Samsung has been fined just over $340,000 by Taiwan’s Fair Trade Commission for paying people to write good reviews on its products while also writing bad reviews of competing products. This was in violation of the FTC’s fair trade rules. It’s said that Samsung organized an internet campaign and paid people to praise Samsung products while jeering other competitors.
It’s reported that HTC was the main target for Samsung, but the FTC documents actually don’t mention any company names specifically. However, seeing as how this took place in Taiwan, we wouldn’t be surprised if HTC (a Taiwanese company) was a victim in the ploy.
This investigation actually opened up back in April when the campaign started, and the FTC says that Samsung used a “large number of hired writers and designated employees” to post negative reviews of competing products to several different Taiwanese message boards using a third-party marketing company.
This is the second time this year that Samsung has been caught paying shills to write negative reviews about competing products and praising Samsung’s own devices, but it certainly shouldn’t come as a surprise. This is a tactic that many companies perform, and while it’s certainly unethical and even illegal in a lot of countries, companies are getting away with it in some form or another.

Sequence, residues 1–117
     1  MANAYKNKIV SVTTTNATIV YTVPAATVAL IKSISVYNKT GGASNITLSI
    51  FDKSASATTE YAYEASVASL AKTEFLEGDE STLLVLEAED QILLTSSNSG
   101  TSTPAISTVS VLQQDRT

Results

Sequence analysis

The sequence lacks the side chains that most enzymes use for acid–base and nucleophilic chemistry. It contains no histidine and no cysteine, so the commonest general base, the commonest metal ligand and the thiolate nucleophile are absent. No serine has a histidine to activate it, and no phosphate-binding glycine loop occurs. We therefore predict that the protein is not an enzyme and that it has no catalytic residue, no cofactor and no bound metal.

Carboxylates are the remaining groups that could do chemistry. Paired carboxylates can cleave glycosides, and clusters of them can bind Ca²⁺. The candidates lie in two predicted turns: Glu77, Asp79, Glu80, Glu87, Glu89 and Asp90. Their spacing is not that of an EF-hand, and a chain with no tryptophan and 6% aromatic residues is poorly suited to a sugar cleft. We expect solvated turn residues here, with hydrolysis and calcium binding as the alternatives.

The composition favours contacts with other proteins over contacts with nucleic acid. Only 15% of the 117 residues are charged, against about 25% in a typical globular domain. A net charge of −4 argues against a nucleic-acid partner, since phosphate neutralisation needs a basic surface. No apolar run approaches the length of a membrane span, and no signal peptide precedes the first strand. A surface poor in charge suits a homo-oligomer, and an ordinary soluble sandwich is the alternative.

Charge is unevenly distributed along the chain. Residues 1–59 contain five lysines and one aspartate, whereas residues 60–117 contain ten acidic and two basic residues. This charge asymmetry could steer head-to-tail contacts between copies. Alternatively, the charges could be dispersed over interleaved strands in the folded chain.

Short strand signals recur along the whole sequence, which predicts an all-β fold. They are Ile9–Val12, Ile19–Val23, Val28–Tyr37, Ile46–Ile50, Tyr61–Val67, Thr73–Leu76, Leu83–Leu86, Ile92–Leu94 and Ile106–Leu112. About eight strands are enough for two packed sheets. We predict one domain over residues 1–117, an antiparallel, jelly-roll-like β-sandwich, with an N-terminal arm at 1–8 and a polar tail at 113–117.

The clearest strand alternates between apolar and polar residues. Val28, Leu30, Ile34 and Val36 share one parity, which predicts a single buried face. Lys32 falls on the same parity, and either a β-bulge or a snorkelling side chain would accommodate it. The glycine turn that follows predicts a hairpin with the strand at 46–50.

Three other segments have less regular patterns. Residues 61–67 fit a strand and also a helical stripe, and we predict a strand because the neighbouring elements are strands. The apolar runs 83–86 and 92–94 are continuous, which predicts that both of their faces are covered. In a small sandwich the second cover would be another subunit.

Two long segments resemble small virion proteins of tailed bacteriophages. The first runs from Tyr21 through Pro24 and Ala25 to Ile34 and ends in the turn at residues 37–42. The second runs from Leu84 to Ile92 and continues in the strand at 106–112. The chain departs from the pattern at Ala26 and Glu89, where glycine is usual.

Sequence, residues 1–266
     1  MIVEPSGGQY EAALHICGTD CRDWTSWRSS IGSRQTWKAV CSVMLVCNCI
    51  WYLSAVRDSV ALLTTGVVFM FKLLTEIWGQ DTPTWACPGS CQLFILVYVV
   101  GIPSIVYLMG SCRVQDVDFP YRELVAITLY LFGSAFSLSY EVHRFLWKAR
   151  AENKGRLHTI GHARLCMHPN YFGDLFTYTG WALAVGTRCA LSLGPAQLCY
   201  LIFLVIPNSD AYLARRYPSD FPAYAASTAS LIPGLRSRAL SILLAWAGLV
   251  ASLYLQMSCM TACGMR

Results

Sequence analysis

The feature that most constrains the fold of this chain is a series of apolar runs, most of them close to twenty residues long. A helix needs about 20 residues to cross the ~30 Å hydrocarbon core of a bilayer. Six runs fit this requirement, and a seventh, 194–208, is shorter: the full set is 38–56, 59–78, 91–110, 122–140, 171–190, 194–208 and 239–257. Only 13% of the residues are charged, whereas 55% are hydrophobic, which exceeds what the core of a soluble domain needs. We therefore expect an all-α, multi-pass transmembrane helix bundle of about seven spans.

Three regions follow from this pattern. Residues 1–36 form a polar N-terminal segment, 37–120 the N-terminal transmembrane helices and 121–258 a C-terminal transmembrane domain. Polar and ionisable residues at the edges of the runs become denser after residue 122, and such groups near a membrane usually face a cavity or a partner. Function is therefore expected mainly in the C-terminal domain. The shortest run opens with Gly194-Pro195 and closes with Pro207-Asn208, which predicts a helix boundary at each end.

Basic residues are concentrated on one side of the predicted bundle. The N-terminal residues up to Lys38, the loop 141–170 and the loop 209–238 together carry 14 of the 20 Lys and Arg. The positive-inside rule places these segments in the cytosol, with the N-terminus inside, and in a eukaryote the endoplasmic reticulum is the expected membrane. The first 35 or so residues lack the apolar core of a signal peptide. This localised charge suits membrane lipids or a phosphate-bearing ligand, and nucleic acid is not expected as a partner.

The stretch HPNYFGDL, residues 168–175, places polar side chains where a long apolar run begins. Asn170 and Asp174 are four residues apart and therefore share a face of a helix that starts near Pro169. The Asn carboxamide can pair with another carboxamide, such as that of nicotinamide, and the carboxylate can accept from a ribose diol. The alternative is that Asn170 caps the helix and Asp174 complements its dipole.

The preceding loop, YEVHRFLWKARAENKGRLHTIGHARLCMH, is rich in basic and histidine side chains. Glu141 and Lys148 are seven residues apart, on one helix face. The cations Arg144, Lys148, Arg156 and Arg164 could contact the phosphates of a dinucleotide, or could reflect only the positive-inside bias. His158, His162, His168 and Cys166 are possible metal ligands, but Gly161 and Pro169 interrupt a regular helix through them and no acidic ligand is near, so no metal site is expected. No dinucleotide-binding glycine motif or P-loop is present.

Oddly enough, it’s uncertain why Samsung seems so desperate that it’s paying people to write bad comments on competing devices; the company is one of the largest phone makers in the world, and it’s easily outselling HTC in the smartphone market, so Samsung is basically just adding insult to injury with paid negative reviews, but we suppose there’s no mercy when trying to become the biggest smartphone maker around.
The company recently announced that it sold 40 million Galaxy S4 units in a matter of just five months, making it one of the fastest-selling smartphones ever, but apparently that just isn’t enough, as the company has to go out of its way and even get fined just so that it may sell slightly more units.
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